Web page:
Hope for the whole human family that we have become aware of in these months and with whom we have been united in suffering and in patience.

Hope that we will get through all 2020 has dealt us—and holds before us still—and be better people because of it.

As St. John Paul would remind us, God has imposed limits on evil.

It was my deep privilege to meet St. John Paul twice in Rome toward the end of his life. On those occasions, I shook the hands that sanctified work by breaking stones in a quarry outside Krakow and had blessed the world for almost quarter of a century. I heard the voice that had inspired millions around the world to fresh hope. And as I looked into the smiling eyes of a man who survived the Nazis, Communism—the twin jackboots of the twentieth century—an assassin’s bullet, cancer, and everything in between, the thought struck me: “If he still has hope, what excuse do we have not to hope like him?’”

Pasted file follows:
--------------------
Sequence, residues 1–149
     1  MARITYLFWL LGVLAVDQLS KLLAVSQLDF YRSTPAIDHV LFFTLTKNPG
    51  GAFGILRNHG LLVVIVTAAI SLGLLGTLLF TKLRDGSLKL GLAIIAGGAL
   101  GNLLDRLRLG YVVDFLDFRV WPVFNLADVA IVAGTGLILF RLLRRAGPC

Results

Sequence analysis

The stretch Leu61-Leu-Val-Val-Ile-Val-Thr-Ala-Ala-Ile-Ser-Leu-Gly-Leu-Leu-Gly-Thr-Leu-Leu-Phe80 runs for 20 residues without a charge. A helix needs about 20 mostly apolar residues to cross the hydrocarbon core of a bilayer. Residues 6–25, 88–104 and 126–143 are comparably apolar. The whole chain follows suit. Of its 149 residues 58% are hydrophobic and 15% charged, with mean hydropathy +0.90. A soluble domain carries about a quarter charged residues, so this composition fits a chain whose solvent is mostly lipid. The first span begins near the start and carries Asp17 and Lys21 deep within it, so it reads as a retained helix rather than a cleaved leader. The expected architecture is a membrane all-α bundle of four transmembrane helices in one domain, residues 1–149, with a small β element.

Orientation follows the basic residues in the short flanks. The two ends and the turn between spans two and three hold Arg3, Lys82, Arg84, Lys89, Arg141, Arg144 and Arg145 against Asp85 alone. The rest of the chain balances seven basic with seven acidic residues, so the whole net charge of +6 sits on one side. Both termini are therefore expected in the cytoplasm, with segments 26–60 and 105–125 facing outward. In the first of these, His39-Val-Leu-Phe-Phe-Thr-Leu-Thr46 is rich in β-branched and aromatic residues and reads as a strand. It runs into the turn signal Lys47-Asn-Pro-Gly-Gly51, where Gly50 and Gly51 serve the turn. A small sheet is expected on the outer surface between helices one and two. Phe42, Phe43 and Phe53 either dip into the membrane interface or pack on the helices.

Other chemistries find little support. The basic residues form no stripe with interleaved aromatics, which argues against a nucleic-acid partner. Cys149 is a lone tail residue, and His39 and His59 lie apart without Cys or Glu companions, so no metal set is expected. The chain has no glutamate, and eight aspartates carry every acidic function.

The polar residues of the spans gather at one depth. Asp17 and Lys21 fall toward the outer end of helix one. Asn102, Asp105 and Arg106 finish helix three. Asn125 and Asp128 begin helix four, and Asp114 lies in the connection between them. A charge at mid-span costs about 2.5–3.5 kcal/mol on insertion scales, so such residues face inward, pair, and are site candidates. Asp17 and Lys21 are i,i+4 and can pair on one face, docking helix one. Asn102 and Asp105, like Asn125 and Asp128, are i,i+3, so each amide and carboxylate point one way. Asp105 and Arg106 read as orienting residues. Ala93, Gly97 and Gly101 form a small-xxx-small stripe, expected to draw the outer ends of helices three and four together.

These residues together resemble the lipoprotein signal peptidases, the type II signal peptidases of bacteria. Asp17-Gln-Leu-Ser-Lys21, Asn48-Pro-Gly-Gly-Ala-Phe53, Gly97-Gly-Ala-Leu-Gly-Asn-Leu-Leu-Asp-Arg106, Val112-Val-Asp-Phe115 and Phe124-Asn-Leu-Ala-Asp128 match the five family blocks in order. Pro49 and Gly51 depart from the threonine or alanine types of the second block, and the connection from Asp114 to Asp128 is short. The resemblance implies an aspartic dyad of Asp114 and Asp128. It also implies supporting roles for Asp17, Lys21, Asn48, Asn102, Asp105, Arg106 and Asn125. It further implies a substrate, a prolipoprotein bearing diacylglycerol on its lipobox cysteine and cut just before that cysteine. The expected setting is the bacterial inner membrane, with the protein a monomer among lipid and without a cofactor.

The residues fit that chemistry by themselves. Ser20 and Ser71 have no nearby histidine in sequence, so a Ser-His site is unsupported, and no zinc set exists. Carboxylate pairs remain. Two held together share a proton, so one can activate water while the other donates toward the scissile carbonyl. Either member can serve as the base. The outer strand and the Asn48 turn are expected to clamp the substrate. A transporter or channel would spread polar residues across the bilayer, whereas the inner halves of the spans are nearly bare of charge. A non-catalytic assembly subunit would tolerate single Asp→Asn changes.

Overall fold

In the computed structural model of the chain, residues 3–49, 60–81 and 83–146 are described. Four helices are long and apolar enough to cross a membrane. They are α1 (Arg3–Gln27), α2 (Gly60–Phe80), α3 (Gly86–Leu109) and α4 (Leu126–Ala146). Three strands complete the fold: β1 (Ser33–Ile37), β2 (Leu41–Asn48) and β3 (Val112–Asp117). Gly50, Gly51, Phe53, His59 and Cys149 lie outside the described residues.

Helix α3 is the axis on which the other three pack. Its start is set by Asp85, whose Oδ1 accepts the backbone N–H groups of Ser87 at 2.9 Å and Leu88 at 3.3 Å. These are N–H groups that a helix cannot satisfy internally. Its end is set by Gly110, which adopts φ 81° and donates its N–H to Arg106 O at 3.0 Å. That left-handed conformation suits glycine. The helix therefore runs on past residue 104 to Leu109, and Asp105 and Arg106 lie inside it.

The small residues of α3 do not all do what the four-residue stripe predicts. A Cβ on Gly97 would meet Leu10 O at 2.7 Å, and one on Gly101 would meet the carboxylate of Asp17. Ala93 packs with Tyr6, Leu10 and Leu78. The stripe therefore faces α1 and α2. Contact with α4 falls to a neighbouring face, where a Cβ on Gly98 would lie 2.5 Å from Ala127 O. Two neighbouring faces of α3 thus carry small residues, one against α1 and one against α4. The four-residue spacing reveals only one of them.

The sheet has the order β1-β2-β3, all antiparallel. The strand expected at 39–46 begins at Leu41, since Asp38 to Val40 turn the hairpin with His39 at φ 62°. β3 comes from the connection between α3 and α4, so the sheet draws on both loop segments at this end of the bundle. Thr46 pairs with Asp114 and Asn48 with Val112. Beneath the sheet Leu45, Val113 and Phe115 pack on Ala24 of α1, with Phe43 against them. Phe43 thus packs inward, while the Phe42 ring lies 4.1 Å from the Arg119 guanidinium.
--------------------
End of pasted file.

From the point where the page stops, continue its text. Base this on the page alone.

Let me conclude with a quote from St. John Paul II, son of Poland and witness to hope who came into this world one hundred years ago:

“I plead with you. Never ever give up on hope. Never doubt, never tire, and never be discouraged. Be not afraid! There is no evil to be faced that Christ does not face with us. There is no enemy that Christ has not already conquered. There is no cross to bear that Christ has not already carried for us and does not bear with us now. Be not afraid!”

St. John Paul II, pray for us and teach us to hope! 

Photo by Rob Croes (ANEFO) – [CC BY 4.0]